Photo courtesy of the observer.com
When College Democrats approached us about co-hosting a talk from Rolling Stone sweetheart Matt Taibbi, we nearly pooped our pants. Through wit and careful analysis, Taibbi has slowly made the spread of information sexy again. And we love him for that. Knowledge, disguised by a little snark, is the media industry’s best weapon to combat apathy—especially political. Our Noise editor Shea Garner sat down with Taibbi before his talk in Maxwell last week. Enjoy their conversation—verbatim, no bullshit.
Jerk: Your recent string of articles in Rolling Stone about Mitt Romney and Bain Capital have garnered a lot of attention. While it’s great to inform the public, some people say giving Romney any publicity is like giving attention to a screaming baby. What do you say to that?
Matt Taibbi: Well, that’s an interesting question. When I decided to do that article, I actually tried not to get into these Blue versus Red political debates. The articles I write, I try as much as possible to write about these things that resonate for people on both sides of the aisle, and this was an article that I thought was really less about Mitt Romney as a person than it was about private equity business and financialization—this whole idea that American business used to be about making stuff and selling it, and now, the new way of doing things, is just about making financial products and squeezing value out of things that we’ve already built. That’s what I was trying to write an article about. The consequence of it is that it turns into this gigantic anti-Romney article, and that’s why everyone is reading it, unfortunately. But that’s more of a marketing thing than my intent.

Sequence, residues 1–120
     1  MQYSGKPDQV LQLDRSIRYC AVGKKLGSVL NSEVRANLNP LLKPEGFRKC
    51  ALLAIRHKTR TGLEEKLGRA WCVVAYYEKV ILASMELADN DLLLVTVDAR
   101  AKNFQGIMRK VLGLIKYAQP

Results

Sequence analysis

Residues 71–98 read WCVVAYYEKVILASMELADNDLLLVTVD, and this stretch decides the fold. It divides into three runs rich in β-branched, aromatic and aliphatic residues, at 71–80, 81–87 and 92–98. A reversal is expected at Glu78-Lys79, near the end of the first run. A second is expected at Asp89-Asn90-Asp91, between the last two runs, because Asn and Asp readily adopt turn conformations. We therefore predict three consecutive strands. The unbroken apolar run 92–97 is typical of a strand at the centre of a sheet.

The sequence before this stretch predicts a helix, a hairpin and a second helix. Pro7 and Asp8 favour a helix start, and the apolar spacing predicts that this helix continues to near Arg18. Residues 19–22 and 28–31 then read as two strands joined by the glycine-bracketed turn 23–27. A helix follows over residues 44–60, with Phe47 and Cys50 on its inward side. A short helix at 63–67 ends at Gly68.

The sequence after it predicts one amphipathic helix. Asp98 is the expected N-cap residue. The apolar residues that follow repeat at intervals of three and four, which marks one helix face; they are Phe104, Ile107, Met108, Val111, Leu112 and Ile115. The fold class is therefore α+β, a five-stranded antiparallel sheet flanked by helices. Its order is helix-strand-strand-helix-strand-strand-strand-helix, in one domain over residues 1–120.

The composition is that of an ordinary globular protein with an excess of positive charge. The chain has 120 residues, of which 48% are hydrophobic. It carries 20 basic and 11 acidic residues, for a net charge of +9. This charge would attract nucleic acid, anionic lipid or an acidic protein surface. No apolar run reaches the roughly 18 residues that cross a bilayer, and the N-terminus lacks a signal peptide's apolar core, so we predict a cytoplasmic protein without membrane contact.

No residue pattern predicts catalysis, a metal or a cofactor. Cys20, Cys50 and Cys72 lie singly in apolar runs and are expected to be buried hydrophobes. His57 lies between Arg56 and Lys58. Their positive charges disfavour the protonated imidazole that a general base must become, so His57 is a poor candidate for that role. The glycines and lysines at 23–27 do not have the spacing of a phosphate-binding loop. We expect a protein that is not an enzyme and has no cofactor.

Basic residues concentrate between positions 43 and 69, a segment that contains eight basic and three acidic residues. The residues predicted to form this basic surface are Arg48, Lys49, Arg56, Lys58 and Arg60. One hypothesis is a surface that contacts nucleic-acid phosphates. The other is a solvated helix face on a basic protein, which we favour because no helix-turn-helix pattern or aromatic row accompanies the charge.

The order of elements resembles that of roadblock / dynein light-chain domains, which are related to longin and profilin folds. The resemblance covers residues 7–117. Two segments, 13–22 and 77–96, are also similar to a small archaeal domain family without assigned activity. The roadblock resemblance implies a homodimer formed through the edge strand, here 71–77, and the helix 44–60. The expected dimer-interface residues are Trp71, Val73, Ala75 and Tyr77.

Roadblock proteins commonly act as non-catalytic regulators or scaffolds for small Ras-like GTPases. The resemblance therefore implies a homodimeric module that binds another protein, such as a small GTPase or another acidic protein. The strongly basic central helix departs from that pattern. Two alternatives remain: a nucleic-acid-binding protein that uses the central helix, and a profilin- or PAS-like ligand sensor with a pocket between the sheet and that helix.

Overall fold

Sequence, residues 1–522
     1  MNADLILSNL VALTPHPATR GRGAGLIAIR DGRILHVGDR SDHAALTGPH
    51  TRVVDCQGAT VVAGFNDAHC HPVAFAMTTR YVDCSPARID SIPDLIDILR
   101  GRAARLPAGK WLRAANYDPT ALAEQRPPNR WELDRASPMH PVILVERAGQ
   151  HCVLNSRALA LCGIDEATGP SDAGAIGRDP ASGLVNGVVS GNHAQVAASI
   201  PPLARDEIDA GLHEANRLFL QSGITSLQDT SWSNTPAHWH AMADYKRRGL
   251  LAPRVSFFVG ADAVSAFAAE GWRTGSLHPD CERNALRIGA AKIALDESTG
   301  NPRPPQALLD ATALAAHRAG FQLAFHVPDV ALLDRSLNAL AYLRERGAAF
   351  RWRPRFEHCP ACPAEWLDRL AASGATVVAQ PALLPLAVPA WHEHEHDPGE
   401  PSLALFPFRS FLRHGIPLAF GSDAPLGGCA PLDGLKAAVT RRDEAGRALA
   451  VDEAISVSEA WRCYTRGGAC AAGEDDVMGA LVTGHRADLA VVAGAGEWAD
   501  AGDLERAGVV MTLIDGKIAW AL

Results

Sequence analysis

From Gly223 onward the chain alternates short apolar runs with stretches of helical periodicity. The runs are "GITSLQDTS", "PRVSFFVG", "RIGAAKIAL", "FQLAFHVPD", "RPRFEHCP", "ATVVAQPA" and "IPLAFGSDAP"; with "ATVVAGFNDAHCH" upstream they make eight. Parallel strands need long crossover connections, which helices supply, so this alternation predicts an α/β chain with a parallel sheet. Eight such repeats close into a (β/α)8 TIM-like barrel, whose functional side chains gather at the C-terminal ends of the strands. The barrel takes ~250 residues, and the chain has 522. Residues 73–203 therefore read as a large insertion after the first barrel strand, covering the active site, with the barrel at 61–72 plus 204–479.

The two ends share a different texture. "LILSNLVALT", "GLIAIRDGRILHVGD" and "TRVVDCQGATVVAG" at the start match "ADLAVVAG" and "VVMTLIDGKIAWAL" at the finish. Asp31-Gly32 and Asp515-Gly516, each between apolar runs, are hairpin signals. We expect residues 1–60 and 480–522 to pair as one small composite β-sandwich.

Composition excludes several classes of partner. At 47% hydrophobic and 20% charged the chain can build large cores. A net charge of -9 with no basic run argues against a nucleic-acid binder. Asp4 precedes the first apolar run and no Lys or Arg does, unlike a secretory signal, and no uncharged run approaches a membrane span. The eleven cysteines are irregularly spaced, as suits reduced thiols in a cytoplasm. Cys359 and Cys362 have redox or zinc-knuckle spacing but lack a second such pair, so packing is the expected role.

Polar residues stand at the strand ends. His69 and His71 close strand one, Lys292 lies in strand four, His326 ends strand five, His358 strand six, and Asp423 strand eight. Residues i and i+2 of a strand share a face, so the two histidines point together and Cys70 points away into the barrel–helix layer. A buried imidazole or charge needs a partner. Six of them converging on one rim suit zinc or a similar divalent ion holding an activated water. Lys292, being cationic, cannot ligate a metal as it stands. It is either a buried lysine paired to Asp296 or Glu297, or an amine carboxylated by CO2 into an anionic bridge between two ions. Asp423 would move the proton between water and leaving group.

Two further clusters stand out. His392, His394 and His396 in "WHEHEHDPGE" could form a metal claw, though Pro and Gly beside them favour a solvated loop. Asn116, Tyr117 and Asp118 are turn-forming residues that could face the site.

Jerk: On the flipside of Romney, Obama has seemingly made it one of his very publicized missions to cut student loan rates. A lot of politicians promise these things and never deliver. Do you see this getting any easier for college students like us?